Monday, February 23, 2015

Kissinger Lied, by Frank Snepp

 http://ecx.images-amazon.com/images/I/515ZWVW59NL._SY344_BO1,204,203,200_.jpg
The first great book on Vietnam. 

Excerpt

From time to time I stopped by the CIA operations room to listen in horror at the radios as stranded Vietnamese agents pleaded over the circuits for help, begging not to be forgotten. Some would be picked up by Air America helicopters that CIA colleagues and I sent shuttling around the city. Most would be forgotten.

At one point a Vietnamese woman who had borne a child she said was my own called to say she would kill herself and the boy if I couldn’t rescue them. I told her to call back in an hour — I’d help her then. But when she called back I was downstairs briefing the Ambassador on another useless piece of intelligence, and she made good on her promise, adding two more deaths to those already weighing on my conscience.

When my time came to leave that night, with the last CIA contingent in the Embassy, we had to push Vietnamese out of the way in the halls to get to the chopper on the roof. I couldn’t look into their eyes.

Retreat is the most difficult of all military operations. But as a matter of honor you do not leave friends on the battlefield. In the evacuation of Saigon over half of the Vietnamese who finally got out escaped on their own with no help from us until they were far at sea.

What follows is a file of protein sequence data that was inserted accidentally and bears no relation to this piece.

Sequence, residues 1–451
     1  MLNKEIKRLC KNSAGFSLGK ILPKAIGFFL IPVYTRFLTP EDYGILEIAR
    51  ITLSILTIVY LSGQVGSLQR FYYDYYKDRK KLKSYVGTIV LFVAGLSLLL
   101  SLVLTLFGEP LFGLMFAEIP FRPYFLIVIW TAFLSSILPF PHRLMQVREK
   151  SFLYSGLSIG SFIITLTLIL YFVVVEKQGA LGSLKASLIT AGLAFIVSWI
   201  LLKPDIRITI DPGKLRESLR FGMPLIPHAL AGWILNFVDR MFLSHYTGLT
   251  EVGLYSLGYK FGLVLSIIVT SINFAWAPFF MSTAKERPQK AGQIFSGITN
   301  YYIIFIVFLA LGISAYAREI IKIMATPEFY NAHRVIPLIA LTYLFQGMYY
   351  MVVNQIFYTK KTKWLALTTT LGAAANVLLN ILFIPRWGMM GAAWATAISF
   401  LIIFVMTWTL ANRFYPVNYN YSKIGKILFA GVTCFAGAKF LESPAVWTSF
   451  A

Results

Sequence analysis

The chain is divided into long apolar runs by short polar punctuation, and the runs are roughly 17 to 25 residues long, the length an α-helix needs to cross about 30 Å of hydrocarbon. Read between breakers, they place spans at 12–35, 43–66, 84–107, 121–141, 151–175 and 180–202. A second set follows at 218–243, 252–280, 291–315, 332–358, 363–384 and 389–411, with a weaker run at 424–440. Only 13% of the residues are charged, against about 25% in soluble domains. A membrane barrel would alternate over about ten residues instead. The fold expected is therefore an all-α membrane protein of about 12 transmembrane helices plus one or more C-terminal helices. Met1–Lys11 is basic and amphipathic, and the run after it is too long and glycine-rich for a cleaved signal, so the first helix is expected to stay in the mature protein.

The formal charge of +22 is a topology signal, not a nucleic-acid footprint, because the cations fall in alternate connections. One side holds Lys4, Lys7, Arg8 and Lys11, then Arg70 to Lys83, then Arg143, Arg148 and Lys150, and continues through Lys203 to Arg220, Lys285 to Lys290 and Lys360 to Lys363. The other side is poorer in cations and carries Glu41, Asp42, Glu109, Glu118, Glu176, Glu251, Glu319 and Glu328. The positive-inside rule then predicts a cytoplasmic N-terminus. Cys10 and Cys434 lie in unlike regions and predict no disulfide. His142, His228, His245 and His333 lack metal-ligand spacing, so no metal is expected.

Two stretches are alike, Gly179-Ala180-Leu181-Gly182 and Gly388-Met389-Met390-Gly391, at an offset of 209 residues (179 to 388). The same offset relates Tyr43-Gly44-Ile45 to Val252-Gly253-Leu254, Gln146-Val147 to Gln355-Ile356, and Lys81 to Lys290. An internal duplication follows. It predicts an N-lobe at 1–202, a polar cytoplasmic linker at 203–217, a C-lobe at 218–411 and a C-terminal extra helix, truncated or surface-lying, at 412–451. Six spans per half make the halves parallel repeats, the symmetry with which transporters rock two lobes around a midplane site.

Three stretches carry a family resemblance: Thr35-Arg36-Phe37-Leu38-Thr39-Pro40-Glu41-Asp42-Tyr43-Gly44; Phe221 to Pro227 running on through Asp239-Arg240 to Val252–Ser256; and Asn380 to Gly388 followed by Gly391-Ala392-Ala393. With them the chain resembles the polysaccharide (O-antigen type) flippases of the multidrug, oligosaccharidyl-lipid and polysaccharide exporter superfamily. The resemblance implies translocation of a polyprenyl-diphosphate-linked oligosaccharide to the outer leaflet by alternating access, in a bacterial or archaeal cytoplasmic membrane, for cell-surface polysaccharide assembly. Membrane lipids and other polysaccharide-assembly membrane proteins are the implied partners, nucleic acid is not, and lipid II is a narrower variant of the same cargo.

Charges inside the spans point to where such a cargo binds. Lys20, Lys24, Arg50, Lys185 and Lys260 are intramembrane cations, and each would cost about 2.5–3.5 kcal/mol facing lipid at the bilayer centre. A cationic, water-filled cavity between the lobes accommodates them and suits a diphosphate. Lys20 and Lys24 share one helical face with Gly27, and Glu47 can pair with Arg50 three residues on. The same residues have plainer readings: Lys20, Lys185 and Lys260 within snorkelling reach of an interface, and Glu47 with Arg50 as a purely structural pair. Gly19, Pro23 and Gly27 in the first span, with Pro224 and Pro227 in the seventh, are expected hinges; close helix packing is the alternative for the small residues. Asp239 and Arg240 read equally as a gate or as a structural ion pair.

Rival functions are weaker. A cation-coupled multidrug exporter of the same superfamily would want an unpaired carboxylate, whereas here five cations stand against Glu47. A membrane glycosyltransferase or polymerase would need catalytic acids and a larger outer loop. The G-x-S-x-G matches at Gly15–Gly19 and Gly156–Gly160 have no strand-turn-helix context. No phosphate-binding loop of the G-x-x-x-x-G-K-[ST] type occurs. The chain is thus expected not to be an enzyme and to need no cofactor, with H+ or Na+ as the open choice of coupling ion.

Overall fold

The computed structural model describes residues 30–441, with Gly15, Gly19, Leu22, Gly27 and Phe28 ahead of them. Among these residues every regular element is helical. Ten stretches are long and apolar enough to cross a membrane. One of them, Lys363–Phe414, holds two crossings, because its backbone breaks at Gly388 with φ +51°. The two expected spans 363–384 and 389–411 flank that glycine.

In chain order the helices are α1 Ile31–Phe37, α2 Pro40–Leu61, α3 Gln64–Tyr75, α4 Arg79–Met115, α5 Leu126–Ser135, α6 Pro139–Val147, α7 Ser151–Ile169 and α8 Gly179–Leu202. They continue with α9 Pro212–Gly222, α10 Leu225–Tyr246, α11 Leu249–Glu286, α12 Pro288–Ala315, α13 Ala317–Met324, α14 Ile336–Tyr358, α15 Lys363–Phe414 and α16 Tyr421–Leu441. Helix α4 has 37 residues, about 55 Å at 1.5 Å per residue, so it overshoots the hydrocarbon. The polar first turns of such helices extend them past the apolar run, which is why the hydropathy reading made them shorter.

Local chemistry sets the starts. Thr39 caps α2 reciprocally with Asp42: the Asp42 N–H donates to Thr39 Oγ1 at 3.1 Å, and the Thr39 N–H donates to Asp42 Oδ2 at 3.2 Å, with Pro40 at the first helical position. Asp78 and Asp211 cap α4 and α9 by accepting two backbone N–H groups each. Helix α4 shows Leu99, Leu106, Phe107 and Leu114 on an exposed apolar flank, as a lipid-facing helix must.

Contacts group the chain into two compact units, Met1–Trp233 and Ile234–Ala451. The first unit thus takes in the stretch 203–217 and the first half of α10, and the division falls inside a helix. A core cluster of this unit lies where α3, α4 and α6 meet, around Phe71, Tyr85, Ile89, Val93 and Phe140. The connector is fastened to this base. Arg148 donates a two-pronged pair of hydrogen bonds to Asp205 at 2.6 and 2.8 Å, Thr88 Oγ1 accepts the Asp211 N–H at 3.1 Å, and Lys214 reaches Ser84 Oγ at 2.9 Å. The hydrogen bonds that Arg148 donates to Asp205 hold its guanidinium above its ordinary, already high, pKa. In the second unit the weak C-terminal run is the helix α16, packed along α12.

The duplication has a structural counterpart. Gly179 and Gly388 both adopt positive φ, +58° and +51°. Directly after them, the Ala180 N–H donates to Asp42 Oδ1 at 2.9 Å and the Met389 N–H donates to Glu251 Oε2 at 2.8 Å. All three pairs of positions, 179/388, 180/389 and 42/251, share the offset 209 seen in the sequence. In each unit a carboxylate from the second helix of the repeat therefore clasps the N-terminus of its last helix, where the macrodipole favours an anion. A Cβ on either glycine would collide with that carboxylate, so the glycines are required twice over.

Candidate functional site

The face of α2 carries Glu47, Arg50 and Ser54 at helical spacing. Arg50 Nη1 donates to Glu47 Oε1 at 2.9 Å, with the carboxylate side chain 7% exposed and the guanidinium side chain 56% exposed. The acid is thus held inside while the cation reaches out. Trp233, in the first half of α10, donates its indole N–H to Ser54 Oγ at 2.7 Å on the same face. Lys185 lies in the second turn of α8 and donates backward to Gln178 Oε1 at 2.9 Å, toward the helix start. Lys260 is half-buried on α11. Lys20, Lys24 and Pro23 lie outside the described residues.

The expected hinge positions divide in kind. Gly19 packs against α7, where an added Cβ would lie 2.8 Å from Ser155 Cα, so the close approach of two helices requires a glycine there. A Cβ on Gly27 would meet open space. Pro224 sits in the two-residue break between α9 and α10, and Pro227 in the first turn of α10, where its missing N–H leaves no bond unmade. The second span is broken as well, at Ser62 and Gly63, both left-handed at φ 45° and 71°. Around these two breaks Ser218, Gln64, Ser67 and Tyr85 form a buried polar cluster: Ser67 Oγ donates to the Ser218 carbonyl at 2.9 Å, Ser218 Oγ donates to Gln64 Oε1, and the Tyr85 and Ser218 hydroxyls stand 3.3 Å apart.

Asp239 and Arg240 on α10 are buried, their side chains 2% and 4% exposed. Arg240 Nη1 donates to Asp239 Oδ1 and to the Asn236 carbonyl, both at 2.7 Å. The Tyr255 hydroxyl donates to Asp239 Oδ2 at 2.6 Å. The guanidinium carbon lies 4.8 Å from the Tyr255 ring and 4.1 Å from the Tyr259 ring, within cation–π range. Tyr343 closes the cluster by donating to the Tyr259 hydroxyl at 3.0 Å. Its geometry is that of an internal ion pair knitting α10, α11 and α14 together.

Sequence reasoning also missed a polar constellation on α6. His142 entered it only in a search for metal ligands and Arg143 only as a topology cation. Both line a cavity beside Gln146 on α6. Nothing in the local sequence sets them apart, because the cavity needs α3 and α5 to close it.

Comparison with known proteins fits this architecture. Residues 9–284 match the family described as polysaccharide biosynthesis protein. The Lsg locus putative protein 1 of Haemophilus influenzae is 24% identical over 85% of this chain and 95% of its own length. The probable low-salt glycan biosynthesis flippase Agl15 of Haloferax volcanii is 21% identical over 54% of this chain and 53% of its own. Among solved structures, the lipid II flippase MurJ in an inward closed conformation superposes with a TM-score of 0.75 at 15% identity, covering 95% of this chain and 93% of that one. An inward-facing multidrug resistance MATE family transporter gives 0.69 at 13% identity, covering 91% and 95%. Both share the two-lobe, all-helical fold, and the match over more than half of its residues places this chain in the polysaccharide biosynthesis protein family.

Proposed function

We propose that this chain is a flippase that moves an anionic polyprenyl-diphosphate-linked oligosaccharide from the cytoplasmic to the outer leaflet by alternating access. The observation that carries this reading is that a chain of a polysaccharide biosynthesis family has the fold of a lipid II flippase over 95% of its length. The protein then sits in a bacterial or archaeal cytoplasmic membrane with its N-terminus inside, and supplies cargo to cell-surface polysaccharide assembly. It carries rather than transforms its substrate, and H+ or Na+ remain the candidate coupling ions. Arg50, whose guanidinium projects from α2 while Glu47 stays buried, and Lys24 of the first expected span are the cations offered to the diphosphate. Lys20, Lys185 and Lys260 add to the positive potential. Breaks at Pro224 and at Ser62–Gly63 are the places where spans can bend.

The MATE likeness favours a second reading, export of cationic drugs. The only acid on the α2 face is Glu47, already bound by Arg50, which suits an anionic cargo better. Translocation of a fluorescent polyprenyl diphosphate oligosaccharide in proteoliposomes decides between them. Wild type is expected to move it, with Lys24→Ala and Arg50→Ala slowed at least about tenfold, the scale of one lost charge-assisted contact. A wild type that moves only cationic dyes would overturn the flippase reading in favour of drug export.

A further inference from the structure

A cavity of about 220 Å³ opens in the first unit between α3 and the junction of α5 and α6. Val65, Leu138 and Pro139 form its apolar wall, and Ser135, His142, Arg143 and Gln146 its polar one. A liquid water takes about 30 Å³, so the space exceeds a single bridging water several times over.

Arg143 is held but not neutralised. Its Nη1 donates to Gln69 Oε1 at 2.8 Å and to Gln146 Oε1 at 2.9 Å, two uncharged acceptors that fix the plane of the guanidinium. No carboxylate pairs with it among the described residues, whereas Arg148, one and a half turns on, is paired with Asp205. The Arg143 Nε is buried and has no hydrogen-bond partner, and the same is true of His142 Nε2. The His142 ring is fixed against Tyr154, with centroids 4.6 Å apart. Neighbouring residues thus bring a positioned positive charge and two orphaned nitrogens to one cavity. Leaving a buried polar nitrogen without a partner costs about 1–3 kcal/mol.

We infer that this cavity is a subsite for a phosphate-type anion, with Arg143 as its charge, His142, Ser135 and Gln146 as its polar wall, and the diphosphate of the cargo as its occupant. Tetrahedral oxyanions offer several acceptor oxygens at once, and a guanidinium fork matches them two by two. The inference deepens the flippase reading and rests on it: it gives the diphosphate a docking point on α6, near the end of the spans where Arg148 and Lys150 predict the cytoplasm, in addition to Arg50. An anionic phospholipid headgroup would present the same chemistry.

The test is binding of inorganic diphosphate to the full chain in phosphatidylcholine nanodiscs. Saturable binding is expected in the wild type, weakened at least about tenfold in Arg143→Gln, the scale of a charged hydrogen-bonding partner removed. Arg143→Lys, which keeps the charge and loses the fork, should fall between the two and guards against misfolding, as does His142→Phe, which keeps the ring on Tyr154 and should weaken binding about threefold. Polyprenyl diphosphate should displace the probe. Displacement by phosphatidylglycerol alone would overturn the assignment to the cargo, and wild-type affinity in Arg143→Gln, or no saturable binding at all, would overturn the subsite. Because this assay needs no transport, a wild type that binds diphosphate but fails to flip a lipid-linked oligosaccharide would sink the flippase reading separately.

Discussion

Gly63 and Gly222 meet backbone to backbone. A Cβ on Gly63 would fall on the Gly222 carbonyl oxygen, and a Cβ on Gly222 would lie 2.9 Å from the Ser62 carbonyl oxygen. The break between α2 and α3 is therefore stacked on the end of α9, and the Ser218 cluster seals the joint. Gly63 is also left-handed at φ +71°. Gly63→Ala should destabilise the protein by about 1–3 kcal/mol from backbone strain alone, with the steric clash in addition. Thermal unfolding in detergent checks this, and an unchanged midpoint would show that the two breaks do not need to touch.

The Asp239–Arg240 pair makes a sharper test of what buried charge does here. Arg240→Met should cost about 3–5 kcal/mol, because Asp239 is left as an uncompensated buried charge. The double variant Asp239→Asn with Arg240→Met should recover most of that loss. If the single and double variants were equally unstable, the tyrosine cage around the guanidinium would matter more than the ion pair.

The last CIA message from the Embassy declared: Let’s hope we do not repeat history. This is Saigon station signing off.

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Point-Counterpoint: Rory Kennedy’s Oscar Nominated Vietnam Doc
by Frank Snepp

 Similarly, while giving Kissinger an unchallenged opportunity to speak his mind, she ignored the fact that what he said on camera about trying to negotiate a two-Vietnam stalemate as part of the Paris accords was at odds with now declassified Nixon White House tapes.

 

In these recordings Kissinger can be heard declaring cynically that he was hoping simply to preserve the Saigon regime through the next U.S. election cycle and then meant to blame South Vietnam’s collapse on its own incompetence.

More @ Frank Snepp

4 comments:

  1. Kissinger lie? Naw

    ReplyDelete
  2. Looks to be a good read. Kissinger, the war criminal of the largest number of innocent people in South East Asia and then some. I wonder how much he was
    paid for the blood of innocence.
    General Butler:
    War is a racket. It always has been. It is possibly the oldest, easily the most profitable, surely the most vicious. It is the only one international in scope. It is the only one in which the profits are reckoned in dollars and the losses in lives. A racket is best described, I believe, as something that is not what it seems to the majority of the people. Only a small “inside” group knows what it is about. It is conducted for the benefit of the very few, at the expense of the very many. Out of war a few people make huge fortunes.
    You betcha.


    ReplyDelete
    Replies
    1. Yes, most excellent and very cheap now.

      http://namsouth.com/viewtopic.php?t=2756&highlight=smedley

      Delete